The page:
Plans for a large scale conversion of parts of the gas network are being tested by the H21 project in Leeds. But where does the hydrogen come from and how much energy is required to produce it? New Power Report examined the question in our September issue. How close did we get?
In two decades Leeds could be running on low-carbon hydrogen, if the ‘H21′ project, led by Northern Gas Networks, is successful. All the GDNs have joined in on this project – along with a raft of other organisations from universities to appliance suppliers – and they hope to get funding of £15 million through Ofgem in the current round of NIC applications.
Why Leeds? NGN is based in the city, and the company’s Nick Phillips gives three reasons: “The characteristics of the network means we can isolate it – it has a ring main with just a few entry points. There is an air quality issue and we have a good relationship with the city council.”
There are other reasons. It is close to sites where plans to trial carbon capture and storage had been at a fairly advanced planning stage before funding was pulled. Plans for a pipeline to transfer the carbon dioxide were also well advanced, and if it proceeded, Leeds has good access to existing infrastructure in the North Sea that could be used to sequester the carbon dioxide.
Why is that needed? Unlike natural gas, there are no reservoirs of existing hydrogen to be tapped. Instead it has to be manufactured and that may be a carbon-intensive process.
Hydrogen production at scale
There are two main routes to produce hydrogen, steam reforming and electrolysis.
Steam reforming is currently the most common. In this method the extraction and use of fossil gas is still required. The process uses a catalyst such as nickel to convert natural gas (largely methane) into hydrogen and carbon dioxide (in fact, this is a complex multi-stage process that also involves removing contaminants such as sulphur from the natural gas input).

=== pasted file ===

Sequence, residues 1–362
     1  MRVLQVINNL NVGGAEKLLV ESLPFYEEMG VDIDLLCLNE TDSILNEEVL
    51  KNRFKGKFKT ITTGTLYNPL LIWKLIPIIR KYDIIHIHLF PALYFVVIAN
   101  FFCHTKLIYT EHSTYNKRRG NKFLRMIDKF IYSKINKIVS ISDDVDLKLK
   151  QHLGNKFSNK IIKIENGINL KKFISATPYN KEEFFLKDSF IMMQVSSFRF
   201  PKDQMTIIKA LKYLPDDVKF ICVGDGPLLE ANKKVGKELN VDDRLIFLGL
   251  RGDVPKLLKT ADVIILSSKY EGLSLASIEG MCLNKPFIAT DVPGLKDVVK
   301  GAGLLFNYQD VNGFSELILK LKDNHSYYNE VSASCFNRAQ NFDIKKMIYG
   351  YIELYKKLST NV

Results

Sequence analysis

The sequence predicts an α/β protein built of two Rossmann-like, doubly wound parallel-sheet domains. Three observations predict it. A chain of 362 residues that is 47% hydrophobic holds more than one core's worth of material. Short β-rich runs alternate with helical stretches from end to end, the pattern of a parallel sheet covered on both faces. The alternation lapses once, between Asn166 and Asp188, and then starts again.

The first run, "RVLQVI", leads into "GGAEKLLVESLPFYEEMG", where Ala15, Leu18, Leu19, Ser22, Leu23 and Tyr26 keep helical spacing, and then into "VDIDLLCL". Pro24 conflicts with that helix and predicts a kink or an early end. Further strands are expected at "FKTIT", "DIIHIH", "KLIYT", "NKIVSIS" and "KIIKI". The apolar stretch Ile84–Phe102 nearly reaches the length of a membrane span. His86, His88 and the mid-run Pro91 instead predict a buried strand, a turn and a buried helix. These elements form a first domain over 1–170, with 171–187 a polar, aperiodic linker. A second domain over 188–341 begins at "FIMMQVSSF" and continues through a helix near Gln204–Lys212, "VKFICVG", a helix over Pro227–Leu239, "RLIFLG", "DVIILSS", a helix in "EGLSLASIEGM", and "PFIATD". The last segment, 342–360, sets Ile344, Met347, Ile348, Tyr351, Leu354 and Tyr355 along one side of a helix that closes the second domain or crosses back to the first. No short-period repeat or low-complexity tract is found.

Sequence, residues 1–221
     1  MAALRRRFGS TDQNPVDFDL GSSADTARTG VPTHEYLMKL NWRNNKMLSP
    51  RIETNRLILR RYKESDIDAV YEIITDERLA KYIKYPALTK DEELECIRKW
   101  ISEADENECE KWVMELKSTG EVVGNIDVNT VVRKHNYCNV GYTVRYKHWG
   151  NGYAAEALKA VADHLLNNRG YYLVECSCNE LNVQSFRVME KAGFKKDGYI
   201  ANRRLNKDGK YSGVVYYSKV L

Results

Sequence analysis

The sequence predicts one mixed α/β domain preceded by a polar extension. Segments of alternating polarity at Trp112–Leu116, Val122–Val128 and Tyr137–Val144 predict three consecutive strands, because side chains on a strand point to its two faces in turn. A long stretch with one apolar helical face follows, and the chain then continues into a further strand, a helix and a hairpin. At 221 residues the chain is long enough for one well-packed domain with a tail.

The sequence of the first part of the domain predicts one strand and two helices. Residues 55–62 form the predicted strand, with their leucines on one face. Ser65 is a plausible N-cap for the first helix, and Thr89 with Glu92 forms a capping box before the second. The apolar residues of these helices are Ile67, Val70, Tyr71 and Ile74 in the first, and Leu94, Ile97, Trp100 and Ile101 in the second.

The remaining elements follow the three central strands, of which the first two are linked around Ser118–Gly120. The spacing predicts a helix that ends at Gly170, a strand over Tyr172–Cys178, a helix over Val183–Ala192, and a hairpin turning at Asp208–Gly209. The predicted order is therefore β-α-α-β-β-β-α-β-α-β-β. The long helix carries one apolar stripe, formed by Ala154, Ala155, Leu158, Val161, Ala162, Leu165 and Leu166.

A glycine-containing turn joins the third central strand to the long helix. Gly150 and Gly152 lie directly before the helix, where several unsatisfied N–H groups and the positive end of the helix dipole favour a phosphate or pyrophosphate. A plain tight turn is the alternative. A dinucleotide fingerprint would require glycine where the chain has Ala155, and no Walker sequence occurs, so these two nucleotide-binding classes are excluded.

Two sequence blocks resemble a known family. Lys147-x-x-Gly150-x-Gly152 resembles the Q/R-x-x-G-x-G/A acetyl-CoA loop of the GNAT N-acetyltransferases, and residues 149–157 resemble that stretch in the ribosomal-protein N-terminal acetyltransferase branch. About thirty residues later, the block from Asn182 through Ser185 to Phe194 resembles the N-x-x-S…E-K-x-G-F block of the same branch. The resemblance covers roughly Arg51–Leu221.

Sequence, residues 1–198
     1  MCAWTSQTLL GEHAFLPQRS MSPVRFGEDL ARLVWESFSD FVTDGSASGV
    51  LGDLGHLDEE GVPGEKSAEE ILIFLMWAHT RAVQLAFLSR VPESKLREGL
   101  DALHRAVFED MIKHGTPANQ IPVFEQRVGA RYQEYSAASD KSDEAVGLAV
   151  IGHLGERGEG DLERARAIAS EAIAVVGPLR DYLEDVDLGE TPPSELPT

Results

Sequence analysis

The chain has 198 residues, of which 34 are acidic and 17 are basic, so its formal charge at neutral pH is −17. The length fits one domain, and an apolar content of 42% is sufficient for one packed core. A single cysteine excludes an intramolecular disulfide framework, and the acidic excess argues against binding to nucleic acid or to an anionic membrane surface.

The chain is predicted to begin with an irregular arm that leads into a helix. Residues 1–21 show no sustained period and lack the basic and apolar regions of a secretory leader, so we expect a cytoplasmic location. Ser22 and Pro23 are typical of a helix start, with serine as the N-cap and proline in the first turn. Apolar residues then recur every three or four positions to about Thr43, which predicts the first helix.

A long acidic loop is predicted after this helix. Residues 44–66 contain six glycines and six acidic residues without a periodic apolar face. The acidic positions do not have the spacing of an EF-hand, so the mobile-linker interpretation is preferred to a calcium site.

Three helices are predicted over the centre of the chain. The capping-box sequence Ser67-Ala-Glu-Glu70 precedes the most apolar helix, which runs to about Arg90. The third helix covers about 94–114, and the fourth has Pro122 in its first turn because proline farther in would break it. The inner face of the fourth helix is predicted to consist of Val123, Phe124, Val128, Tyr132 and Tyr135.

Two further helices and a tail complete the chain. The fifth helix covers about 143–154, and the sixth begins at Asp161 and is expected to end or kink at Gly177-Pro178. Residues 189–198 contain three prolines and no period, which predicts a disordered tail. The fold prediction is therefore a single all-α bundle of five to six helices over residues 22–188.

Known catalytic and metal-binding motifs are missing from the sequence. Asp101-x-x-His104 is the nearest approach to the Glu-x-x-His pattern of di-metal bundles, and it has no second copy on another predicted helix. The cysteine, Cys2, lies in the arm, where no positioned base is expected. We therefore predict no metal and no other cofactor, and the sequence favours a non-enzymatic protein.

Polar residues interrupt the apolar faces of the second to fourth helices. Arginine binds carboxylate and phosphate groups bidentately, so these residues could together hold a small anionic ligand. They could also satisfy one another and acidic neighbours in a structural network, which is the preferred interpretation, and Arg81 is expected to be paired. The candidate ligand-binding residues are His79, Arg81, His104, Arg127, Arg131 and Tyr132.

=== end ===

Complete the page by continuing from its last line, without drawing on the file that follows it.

The reaction will only happen at very high temperatures (approaching 800-1,000ºC). This requires energy input – possibly from burning methane. In this case a quarter of the entire methane input is used to provide the necessary heat. Overall, the process may use more methane than would be the case if the gas were used directly in the gas network. However, converting it in bulk and using hydrogen in the grid allows the carbon dioxide to be captured and stored or sequestered and means the gas is emissions-free at the point of use. In an article published in The Engineer last year, Mark Crowther, technical director at Kiwa Gastec, said four steam-reforming plants would be required to serve Leeds.
An alternative chemical process is available known as partial oxidation. It requires much less heat, but produces less hydrogen from the same volume of gas than steam reforming.
Electrolysis is the alternative way of producing hydrogen. In this case the raw material is water, and there are a variety of different electrolysis options that can be used to produce hydrogen, in some cases using high temperatures to reduce the power needed. The by-product is oxygen.
Electrolysis requires electricity and the process is low-carbon as long as the power source is a low-carbon one. That could mean a build-out of renewables or of nuclear power.
How much power is required to produce the necessary hydrogen?
New Power Report did a “back of the envelope” calculation, using a variety of internet sources.
Drawing on the experience from low-temperature electrolysers in the fertiliser industry, an EU estimate suggests the electrical energy inputs required for electrolysis is about 50kWh/kgH2.
Hydrogen’s energy density is 33MWh/t, and that of natural gas is 14MWh/t. (Note that although the energy content of hydrogen is higher by weight than liquid fossil fuels or natural gas, its energy density by volume is low, about a third that of natural gas, so there are gas transfer issues we have not considered here.) In Leeds the annual gas demand is 6.4TWh/year or 200Mt, which means a requirement of 10TWh for the city.
Four London Arrays might be required to produce the energy delivered by the gas grid in Leeds
This is a significant amount of power. It is about 3% of the UK’s annual power generation (336TWh in 2016). For comparison, the London Array wind farm’s net overall output for the year 2015 was 2.5TWh, which means four such wind farms might be required to provide the energy delivered by the gas grid in Leeds.
Across the country
Current discussion focuses on using different gas mixes in different areas, and switching to electricity or heat networks in others. But suppose the gas grid across the entire country were to be converted to hydrogen, as some propose?
Domestic use gives a clue: in the Leeds project, the area for conversion contains about 264,000 meter points, and a population of about 660,000 people. Across GB, the total number of domestic gas customers is close to 22 million, according to Ofgem.
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